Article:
Rychard Carrington reports on Maximum Rhythm And Blues - Cambridge Corn Exchange, 28 September 2009

Alan Price
Cambridge Corn Exchange, The


For those under thirty, R'n'B might mean something rather different, but tonight it definitely meant the British mid-sixties take on Motown and Stax-style soul and blues (James Brown, Otis Redding etc.). The eveing was subtitled 'A Night At The Flamingo Club' - that club being a joint in Wardour Strret, London, where the hipsters of the day would hang out. The Corn Exchange in 2009 is surely a very different kind of venue, but the flavour and certainly the quality of the music was surely retained.

The band on stage was lead by Alan Price (pictured), whose Geordie dour humour added an extra flavour to proceedings. Zoot Money supplied further keyboards, with Bobby Tench on lead guitar, Peter Grant on bass and Colin Allen on drums. Chris Farlowe and Maggie Bell were guest vocalists. There were  a saxophonist and a trumpeter called Kim and Howie - Price never divulged their surnames, perhaps on account of their relative youth (they looked under forty; everyone else was over sixty).

Between them they played several R'n'B classics - Black Magic Woman, Stormy Monday Blues, In The Midnight Hour, Stand By Me. Money sang a James Brown medley, as well as his own hit, Big Time Operator. Price sang several of his hits: The House Of The Rising Sun, I Put A Spell On You, Hi Lilli Hi Lo, The Jarrow Song and the wonderful Simon Smith And His Amazing Dancing Bear. His best song though, for my money (or my price) was Changes, from the O Lucky Man! soundtrack of 1973, which borrows the tune of What A Friend We Have In Jesus.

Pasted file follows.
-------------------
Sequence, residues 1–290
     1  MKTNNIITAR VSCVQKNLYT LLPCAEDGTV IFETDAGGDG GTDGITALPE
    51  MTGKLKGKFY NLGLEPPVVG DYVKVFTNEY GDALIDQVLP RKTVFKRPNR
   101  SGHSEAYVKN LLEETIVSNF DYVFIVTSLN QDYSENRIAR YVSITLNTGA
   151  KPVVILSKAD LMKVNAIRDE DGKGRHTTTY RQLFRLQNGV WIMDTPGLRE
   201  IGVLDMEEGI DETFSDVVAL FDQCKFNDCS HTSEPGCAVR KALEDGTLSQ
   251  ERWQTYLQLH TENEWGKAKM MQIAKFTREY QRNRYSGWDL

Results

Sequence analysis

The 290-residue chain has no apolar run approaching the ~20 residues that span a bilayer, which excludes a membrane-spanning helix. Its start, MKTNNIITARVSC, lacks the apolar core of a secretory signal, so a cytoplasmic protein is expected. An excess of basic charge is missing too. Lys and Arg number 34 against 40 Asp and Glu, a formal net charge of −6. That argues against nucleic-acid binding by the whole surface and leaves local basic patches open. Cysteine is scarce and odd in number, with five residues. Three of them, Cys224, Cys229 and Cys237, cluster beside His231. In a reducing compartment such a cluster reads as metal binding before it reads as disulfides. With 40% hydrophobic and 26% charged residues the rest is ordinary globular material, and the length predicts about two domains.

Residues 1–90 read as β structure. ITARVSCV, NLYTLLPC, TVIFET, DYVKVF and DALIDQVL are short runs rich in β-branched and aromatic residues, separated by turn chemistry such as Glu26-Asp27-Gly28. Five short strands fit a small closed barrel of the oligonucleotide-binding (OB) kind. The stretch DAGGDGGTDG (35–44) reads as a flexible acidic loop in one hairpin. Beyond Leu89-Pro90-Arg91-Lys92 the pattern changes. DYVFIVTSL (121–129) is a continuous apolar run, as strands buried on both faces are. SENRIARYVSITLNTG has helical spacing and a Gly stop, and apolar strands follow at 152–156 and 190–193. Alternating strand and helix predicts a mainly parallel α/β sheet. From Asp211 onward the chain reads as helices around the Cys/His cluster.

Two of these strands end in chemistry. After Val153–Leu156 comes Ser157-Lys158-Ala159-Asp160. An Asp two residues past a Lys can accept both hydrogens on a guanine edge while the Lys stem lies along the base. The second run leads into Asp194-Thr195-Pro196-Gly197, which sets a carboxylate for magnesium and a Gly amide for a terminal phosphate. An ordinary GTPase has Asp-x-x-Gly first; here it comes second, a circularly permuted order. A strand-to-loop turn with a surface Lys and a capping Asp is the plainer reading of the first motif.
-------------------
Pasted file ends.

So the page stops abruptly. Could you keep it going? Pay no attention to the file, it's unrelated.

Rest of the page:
Farlowe is slightly older than most of the others, yet his voice retains all its power. We got Handbags And Gladrags (a song that has become better known since his original small hit in 1967) and his number one Out Of Time (a strange theme to be still singing forty-three years later!).

Maggie Bell is always being compared to Janis Joplin, and I think these comparisons are completely right, and thoroughly to Bell's credit. She is a tremendous blues singer, still as strong as ever.

Not to be overlooked, Bobby Tench also contributed some great vocals, and choice blues-rock guitar throughout.

An ensemble version of The Animals' hit We Gotta Get Out Of This Place was a terrific climax to a thoroughly good evening. Thanks to all concerned for recreating the 60s rhythm and blues sound so proudly, successfully and enjoyably. 

Writer: Rychard Carrington